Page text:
We had some little ones visiting our house this weekend, so I pulled out some old board books called “Dear God Kids” by Annie Fitzgerald. Although our visitors were too little to appreciate more than the pictures, this series does an amazing job of packing wisdom into simple sentences kids can understand. Each page covers a topic or question a child might pose. One page assures kids that: “Questions are good. Questions are OK. And questions about God are some of the best questions of all because the more you can find out about God, the more you’ll find out how much He loves you. You’ll find out how to act in any situation. You’ll find out what it means to have God for a friend.”
Kids are looking for answers, and the world is eager to provide them. TV, social media, songs, teachers and more all hope to influence how our kids look at the world, what they value, and their choices concerning how to use the time and talents God has given them.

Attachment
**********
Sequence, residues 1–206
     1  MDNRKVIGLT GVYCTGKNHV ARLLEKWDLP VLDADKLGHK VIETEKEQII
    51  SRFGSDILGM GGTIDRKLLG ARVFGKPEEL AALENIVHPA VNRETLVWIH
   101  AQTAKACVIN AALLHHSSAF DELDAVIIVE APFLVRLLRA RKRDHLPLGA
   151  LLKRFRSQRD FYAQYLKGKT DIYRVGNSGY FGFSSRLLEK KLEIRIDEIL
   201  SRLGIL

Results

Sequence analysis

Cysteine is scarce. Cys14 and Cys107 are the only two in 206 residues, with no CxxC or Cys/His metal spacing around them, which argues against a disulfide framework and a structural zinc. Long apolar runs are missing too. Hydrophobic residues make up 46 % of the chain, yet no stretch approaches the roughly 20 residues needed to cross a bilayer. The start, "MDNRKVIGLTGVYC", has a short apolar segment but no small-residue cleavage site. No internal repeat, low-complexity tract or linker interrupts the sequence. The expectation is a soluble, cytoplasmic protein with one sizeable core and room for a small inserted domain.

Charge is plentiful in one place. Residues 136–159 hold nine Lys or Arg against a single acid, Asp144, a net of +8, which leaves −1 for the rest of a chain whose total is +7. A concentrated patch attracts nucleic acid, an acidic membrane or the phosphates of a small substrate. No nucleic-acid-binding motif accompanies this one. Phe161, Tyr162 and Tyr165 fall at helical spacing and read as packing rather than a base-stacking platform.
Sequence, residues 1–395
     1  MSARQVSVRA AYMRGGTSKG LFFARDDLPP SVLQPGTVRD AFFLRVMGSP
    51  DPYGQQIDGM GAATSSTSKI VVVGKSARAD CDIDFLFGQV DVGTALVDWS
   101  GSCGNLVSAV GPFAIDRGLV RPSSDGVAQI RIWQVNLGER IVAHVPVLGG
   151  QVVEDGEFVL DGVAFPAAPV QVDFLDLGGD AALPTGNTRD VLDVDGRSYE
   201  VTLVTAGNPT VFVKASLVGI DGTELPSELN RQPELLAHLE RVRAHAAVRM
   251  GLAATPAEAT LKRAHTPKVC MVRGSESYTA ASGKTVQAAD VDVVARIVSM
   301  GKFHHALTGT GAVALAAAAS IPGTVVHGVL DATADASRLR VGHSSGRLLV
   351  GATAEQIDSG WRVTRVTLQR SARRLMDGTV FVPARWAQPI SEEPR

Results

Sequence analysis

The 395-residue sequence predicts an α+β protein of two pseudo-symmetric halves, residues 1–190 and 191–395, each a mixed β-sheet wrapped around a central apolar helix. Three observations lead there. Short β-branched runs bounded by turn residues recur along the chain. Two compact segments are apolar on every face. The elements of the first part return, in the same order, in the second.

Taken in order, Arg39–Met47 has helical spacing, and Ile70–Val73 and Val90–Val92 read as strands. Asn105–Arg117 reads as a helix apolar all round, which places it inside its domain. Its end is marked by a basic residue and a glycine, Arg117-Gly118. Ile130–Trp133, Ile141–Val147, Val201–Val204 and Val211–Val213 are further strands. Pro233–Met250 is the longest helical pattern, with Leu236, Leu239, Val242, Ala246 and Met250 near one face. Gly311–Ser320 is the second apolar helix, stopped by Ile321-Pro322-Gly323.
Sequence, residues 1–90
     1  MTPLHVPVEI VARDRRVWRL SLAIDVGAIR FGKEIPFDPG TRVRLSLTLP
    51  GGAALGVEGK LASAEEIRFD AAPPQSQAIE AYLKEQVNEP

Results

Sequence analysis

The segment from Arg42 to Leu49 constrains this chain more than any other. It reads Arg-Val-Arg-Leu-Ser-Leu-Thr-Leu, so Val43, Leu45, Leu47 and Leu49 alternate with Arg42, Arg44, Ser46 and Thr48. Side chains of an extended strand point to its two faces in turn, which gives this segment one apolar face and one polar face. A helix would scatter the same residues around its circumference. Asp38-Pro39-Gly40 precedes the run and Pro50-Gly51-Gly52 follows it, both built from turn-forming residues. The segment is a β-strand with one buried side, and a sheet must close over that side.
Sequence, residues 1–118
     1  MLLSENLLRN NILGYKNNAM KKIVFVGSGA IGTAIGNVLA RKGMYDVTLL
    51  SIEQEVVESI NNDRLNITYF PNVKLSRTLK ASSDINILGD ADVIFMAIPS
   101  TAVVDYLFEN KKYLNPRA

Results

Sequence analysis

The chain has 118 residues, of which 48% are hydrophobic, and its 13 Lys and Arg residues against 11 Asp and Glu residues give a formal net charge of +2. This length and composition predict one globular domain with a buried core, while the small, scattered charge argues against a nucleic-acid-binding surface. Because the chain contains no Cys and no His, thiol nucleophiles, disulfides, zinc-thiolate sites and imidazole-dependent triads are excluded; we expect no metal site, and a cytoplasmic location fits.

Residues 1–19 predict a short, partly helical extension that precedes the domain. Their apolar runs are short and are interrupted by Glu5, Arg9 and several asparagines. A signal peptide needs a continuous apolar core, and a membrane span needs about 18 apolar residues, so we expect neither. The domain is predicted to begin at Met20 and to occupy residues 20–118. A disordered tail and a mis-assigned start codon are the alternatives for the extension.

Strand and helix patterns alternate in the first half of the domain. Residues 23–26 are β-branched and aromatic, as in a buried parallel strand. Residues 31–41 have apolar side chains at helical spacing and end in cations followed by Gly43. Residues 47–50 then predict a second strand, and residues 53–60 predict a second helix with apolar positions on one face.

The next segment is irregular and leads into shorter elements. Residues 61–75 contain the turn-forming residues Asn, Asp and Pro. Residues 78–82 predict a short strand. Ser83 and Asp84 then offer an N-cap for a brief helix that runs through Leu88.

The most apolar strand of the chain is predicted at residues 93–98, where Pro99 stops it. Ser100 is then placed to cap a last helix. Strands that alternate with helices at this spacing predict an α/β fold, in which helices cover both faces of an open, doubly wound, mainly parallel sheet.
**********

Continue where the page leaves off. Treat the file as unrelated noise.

As Christian parents, grandparents, aunts, uncles, teachers and friends, we need to communicate a willingness to listen to kids’ questions. We should try to remember the opportunity those questions present, especially their questions about God and our values, and instead of getting exasperated or brushing off questions, we should thank our kids for coming to us and then encourage them to come back by giving them honest, thoughtful answers.
By the way, adults, God does not tell us we must stop asking questions when we reach the age of 18. You, too, can be assured that “Questions are good. Questions are OK. And questions about God are some of the best questions of all because the more you can find out about God, the more you’ll find out how much He loves you.”
“And without faith it is impossible to please God, because anyone who comes to him must believe that he exists and that he rewards those who earnestly seek him.” Hebrews 11:6 NIV